Should You Do a Roth Conversion?

The 2017 Tax Cuts and Jobs Act (TCJA) changed several tax laws. These changes make tax planning an even more critical part of your comprehensive financial plan. 

One of the changes that require more forward-thinking than before is that Roth Conversions are now permanent, not reversible as they have been in years past. Let’s talk about what a Roth Conversion is, and whether or not you should leverage this strategy before the December 31st deadline this year.  

What is a Roth Conversion?

A Roth Conversion is a means of moving Traditional IRA funds and investments to a Roth IRA in a given year. Essentially, funds that you have contributed pre-tax to a Traditional IRA can be rolled over to a Roth IRA once a year. During this conversion, you will pay ordinary income tax on the funds being transferred from your Traditional IRA. 

What Are the Benefits of a Roth Conversion?

The funds that you convert from your Traditional IRA to your Roth IRA are taxed based on your income in the year when the conversion takes place. Then, once they are transferred, those funds grow tax-free in your Roth IRA. They aren’t subject to Required Minimum Distributions, either. 

For taxpayers who have amassed a large amount in their Traditional IRA due to contributions and rollovers, moving funds into a Roth IRA may reduce the amount of their Required Minimum Distributions, which may reduce their overall tax rates once they reach age 70 ½.

Given the current lower income tax rates, converting your funds to a Roth IRA now rather than in future years could potentially save you a considerable amount of money in long-term taxes on the future retirement income that you’ll pull from the Traditional IRA.  It may be time to strike while the iron is hot!

You may be asking:

If Roth IRAs have so many benefits, why wouldn’t I contribute there in the first place instead of rolling funds over from my Traditional IRA?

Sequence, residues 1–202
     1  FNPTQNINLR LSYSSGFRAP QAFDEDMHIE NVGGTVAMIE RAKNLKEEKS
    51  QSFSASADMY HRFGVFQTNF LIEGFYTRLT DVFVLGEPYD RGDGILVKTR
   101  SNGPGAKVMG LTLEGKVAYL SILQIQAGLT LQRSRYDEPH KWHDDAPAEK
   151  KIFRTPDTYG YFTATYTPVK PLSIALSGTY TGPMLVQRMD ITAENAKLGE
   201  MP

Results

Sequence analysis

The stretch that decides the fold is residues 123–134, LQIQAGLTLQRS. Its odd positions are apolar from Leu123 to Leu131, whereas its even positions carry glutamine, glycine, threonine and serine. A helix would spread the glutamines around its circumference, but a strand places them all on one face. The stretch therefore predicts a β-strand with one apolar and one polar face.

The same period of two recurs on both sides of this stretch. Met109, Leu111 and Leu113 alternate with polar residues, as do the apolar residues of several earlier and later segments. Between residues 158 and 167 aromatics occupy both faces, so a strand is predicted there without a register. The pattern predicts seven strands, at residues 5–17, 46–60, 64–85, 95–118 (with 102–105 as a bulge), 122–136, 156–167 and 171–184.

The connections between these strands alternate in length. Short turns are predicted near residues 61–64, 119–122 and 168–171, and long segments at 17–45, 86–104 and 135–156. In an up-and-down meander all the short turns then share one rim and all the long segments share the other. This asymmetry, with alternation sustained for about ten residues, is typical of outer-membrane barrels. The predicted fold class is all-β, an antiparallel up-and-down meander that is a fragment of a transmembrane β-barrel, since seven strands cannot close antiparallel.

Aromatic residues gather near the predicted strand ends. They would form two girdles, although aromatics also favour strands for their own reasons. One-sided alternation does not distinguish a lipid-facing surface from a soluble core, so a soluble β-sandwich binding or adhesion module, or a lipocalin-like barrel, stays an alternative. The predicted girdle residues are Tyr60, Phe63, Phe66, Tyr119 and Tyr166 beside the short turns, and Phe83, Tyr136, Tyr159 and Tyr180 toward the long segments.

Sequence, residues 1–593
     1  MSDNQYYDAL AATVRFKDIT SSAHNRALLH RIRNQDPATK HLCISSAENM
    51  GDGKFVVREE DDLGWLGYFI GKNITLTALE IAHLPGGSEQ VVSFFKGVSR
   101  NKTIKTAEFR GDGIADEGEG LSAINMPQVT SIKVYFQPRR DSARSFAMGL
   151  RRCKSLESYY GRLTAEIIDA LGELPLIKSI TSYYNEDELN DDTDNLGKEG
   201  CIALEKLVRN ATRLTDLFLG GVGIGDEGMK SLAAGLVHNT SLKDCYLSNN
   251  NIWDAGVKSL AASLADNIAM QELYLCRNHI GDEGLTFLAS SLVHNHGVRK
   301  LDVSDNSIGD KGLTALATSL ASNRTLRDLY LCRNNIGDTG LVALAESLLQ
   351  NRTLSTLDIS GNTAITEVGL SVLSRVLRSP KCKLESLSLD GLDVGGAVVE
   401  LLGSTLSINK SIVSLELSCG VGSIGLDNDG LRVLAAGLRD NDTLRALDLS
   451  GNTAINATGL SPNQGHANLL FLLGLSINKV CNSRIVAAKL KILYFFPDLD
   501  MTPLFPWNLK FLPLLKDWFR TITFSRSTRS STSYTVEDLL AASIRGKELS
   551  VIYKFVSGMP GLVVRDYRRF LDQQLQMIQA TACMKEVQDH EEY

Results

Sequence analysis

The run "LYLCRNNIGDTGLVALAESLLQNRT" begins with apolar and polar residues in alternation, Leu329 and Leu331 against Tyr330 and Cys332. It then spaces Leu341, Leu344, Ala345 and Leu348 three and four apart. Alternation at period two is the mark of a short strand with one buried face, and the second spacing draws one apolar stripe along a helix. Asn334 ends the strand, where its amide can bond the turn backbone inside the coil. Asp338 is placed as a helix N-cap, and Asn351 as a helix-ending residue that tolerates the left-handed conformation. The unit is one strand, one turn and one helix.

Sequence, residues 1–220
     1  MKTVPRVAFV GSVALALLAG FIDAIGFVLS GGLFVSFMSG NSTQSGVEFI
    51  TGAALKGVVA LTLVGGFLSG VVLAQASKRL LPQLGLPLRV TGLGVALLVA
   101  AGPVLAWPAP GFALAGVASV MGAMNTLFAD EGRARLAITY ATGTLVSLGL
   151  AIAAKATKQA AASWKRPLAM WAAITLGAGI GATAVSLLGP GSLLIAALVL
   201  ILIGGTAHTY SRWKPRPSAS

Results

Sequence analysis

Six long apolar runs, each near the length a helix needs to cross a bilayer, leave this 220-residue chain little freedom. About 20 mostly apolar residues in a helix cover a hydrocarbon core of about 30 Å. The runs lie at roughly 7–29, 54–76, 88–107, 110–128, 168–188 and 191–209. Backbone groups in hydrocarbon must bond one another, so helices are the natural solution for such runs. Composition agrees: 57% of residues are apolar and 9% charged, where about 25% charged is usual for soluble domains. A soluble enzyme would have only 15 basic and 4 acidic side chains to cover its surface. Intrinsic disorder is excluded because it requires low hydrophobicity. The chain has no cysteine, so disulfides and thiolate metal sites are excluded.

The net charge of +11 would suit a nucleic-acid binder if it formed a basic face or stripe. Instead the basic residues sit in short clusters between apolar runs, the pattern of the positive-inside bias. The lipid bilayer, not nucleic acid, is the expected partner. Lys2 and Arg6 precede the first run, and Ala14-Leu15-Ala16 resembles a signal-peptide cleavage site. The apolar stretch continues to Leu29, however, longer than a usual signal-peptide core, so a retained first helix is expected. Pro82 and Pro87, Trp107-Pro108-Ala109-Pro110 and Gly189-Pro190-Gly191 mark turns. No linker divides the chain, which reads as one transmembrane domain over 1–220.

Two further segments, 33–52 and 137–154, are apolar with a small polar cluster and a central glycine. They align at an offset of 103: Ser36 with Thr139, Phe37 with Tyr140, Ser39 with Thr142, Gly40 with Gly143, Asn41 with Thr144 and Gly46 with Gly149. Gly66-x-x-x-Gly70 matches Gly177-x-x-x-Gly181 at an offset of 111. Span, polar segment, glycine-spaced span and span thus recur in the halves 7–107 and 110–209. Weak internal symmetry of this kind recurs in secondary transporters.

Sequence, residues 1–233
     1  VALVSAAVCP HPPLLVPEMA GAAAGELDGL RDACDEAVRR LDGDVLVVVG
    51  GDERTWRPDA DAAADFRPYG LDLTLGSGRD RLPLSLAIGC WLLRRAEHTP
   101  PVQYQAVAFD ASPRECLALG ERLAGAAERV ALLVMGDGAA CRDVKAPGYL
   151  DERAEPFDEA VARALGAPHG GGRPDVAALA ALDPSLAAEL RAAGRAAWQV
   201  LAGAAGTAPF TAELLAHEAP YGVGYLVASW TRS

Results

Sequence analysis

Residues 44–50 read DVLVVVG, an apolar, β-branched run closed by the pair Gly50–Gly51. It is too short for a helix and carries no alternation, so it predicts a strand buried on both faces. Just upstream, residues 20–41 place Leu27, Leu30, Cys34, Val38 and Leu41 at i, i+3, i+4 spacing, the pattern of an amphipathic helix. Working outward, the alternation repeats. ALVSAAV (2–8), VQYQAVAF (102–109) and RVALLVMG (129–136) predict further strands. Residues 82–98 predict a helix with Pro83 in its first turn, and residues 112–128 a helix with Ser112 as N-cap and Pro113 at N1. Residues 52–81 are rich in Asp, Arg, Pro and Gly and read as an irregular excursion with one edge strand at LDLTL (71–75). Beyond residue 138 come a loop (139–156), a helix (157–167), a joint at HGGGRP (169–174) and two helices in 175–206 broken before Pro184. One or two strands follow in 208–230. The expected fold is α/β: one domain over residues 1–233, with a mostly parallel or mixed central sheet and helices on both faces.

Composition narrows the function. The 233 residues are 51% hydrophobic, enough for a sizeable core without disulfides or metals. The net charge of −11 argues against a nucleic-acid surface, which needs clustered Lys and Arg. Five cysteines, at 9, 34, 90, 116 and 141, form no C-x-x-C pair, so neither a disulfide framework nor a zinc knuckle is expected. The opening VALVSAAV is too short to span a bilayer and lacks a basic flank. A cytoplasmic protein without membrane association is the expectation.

Although Roth IRAs have many tax benefits, they also have an income limit for contributors. In 2019, you can only have a $122,000 MAGI as a single filer before contribution ability begins phasing out. If you’re a married couple filing jointly, your household MAGI must be under $193,000 in order to contribute the full annual amount to your Roth IRA. 

However, a Roth Conversion is a legal way to take advantage of the tax benefits of a Roth even if you make over the income limit. The Roth Conversion is not a “Backdoor Roth”, which is another way to move funds to a Roth IRA.  It is done by contributing funds to a Traditional IRA that are not tax deductible and converting them annually. You’re effectively taking advantage of a Roth IRA’s tax benefits - even if your income has limited your opportunity to contribute directly.

Considerations and Potential Drawbacks

Although a Roth Conversion can be right for many people, it’s important to look at your unique situation before making the leap. Your primary consideration should be whether or not the conversion will bump you to a higher income tax bracket in the year completed. For planning purposes, it’s best to evaluate late in the year, when most of your tax items are known. 

Because funds in a Traditional IRA are contributed pre-tax, when you perform your conversion, the money you’re moving will be counted toward your adjusted gross income (AGI). Many tax deductions are based on AGI limits, so be sure you are aware of the impact of increasing this amount on your overall tax return.

A few other considerations might be:

  1. Capital Gains tax rate.  In some cases, Long Term Capital Gains are not taxed.  Increasing AGI with a Roth Conversion may increase this rate to 15% which could add a significant amount to your tax bill.
  2. Social Security income. If your Roth Conversion increases your ordinary income and changes your income tax bracket as a result, more of your Social Security benefits may be subject to tax.  This cash flow hit may not be sustainable for many retirees.